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The Sole F63 console

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Folding the Sole F63

• Top-rated: Bowflex 7-Series, priced at $1,500, has a bright easy-to-read monitor display, and its 60-inch deck is as long as the deck of any nonfolding model, which makes it suitable for just about any runner.

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Top-rated: Bowflex 7-Series for $1,500

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Bowflex 7-Series console

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Bowflex 7-Series folded

Notes: The best folding treadmills save space and compare favorably with any treadmill. One of the folding treadmills, the Best Fitness BFT1, earned a rating of “Don’t Buy: Performance Problem” because its incline feature malfunctioned on two of the three samples tested by Consumer Reports.

Top Ellipticals

Best Buy No. 1: The Sole E35 at $1,300 is the top-rated of the three Best Buys. The Sole has an adjustable incline, pedals with a changeable foot angle, and controls on the moving handgrips.

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Best Buy No. 1: The Sole E35 for $1,300

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The Sole E35 console

Best Buy No. 2: The NordicTrack AudioStrider 990 for $900. The NordricTrack is notable for its programs controlled by its heart-rate monitor and a ramp that can be adjusted electronically while working out, features usually found in more expensive models.

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Best Buy No. 2: The NordicTrack AudioStrider 990 for $900

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The NordicTrack AudioStrider 990 console

Best Buy No. 3: The LifeCore LC985VG for $1,000. The LifeCore has a dial control for adjusting resistance and selecting from multiple preset programs.

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Best Buy No. 3: The LifeCore LC985VG for $1,000

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The LifeCore LC985VG console

Consumer Reports offers the follwoing tips on how to shop for the machine that’s right for you:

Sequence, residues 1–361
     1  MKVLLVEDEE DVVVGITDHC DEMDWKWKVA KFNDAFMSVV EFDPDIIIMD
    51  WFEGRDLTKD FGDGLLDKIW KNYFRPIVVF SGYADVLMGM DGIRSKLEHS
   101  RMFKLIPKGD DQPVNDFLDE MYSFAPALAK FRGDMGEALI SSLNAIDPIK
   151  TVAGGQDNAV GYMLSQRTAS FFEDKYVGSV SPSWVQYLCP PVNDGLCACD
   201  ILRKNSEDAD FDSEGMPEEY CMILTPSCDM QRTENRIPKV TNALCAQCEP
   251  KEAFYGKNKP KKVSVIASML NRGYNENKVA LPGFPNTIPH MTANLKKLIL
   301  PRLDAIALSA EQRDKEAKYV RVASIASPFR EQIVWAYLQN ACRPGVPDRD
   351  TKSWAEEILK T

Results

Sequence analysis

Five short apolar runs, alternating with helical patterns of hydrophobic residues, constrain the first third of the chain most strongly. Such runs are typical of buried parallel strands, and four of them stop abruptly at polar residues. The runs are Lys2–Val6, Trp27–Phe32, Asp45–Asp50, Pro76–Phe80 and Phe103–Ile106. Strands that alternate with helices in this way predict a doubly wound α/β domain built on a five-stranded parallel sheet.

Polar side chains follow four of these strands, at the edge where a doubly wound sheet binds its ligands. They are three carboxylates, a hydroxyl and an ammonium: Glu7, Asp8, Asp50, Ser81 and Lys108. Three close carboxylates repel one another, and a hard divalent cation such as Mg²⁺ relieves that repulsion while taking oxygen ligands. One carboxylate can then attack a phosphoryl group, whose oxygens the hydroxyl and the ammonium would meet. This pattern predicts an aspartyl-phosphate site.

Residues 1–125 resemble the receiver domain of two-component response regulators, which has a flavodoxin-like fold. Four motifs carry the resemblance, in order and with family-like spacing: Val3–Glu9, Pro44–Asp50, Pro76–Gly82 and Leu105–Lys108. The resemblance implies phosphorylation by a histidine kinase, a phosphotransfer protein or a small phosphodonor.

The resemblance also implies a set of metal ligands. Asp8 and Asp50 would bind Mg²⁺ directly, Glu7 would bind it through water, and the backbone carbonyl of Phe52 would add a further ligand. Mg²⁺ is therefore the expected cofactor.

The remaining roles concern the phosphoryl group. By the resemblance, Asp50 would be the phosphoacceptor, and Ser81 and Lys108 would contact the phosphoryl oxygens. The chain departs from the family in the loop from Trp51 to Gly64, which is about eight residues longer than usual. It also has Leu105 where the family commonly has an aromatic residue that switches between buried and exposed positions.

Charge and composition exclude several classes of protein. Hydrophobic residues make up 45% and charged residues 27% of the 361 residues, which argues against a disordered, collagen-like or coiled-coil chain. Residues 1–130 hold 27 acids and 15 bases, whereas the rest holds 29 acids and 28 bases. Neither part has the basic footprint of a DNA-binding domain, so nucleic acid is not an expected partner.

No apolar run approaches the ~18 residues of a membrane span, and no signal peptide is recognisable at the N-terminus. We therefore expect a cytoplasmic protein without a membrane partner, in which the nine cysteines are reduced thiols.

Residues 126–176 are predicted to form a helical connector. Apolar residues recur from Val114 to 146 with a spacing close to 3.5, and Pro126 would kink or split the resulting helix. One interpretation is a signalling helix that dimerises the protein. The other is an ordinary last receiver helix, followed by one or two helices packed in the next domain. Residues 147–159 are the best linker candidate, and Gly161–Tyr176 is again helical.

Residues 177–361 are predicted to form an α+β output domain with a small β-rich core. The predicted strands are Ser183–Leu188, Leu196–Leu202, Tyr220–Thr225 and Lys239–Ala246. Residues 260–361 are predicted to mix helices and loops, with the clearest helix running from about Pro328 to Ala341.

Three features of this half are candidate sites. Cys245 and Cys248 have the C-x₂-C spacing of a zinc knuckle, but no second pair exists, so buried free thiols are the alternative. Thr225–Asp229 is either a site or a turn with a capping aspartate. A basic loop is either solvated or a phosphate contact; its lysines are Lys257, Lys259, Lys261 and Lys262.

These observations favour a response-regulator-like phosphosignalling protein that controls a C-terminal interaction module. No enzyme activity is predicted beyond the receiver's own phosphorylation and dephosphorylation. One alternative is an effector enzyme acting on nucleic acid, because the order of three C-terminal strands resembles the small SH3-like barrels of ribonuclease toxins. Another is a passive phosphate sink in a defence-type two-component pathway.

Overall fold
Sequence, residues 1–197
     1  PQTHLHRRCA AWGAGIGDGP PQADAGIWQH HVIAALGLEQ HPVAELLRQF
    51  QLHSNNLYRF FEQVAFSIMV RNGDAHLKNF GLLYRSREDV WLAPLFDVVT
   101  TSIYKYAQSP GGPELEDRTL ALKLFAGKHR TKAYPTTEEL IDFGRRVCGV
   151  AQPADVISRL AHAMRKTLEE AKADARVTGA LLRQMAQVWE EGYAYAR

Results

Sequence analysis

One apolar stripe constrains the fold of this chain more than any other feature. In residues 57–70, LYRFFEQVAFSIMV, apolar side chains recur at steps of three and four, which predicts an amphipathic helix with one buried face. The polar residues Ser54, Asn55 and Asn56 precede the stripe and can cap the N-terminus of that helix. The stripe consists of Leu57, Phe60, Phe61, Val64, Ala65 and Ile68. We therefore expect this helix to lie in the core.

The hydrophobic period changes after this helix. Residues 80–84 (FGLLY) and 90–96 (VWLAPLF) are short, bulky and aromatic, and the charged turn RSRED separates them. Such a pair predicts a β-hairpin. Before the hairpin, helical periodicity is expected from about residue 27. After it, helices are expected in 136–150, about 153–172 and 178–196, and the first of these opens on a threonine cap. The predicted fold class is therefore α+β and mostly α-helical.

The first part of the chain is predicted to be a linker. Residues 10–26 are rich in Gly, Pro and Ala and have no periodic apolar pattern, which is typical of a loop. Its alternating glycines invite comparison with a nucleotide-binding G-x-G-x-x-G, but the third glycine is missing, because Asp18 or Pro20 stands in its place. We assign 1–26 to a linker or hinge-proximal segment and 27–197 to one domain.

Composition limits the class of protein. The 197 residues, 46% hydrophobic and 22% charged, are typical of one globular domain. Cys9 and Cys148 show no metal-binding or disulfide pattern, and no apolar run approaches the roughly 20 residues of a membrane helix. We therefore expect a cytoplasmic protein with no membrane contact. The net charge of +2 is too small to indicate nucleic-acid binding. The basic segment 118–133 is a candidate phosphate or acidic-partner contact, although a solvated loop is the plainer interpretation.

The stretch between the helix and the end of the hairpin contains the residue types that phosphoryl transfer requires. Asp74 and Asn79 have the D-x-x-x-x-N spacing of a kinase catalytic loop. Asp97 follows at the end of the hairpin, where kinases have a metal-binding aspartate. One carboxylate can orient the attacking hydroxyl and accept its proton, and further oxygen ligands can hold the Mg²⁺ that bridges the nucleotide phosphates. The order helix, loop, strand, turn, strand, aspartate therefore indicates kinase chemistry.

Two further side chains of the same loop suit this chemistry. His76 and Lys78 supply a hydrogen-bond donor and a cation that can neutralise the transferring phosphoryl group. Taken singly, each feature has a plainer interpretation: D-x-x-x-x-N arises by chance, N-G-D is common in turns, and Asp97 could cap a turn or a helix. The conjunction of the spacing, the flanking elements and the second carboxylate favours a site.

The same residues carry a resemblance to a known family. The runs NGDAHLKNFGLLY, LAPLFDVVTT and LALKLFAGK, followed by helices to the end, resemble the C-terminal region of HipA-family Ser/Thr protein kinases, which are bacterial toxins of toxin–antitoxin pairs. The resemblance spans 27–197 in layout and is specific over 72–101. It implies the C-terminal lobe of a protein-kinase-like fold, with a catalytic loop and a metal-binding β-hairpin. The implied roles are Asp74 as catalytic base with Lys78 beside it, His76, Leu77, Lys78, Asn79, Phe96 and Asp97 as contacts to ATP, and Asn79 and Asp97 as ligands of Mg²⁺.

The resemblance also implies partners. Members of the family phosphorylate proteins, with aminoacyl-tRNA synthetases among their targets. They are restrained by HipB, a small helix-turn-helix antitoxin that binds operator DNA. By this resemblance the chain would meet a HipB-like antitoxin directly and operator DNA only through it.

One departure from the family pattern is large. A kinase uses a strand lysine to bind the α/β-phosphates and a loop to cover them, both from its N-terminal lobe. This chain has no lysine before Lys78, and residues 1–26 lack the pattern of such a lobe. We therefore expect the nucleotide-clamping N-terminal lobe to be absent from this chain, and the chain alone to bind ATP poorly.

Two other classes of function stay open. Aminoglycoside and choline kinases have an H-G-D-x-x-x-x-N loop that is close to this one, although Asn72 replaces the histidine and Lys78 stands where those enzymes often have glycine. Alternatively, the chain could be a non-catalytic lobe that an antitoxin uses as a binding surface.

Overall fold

• Budget and midrange models can usually be found at Sears, Sports Authority, Walmart and other discount and sporting-goods chains. Shop at sporting-goods specialty stores for moderate to high-end models.

• Keep a close eye on dimensions. Exercisers will need extra space to safely get on and off a machine. When shopping for ellipticals, take close stock of the vertical space, especially if there are low ceilings, because exercisers will be elevated on the machine.

• The machine’s display should have easy-to-use controls and will show some combination of heart rate, calories burned, speed, resistance levels, and details such as time and distance.

• When it comes to warranties, look for one that provides two to three years of coverage on major moving parts and a year for labour. Surveys on the probability of failure and repair costs have shown that extended warranties are probably not a good deal.

• Pay attention to ergonomics and adjustability. When using an elliptical, there should never be discomfort in the knee or hip joints, and knees shouldn’t bump the frame or handgrips.

• See more detailed tips online at www.ConsumerReportsHealth.org.

Consumer Reports® is published by Consumers Union, an expert, independent nonprofit organization whose mission is to work for a fair, just, and safe marketplace for all consumers and to empower consumers to protect themselves. To achieve this mission, it tests, informs, and protects. To maintain independence and impartiality, Consumers Union accepts no outside advertising, no free test samples, and has no agenda other than the interests of consumers. Consumers Union supports itself through the sale of its information products and services, individual contributions, and a few noncommercial grants.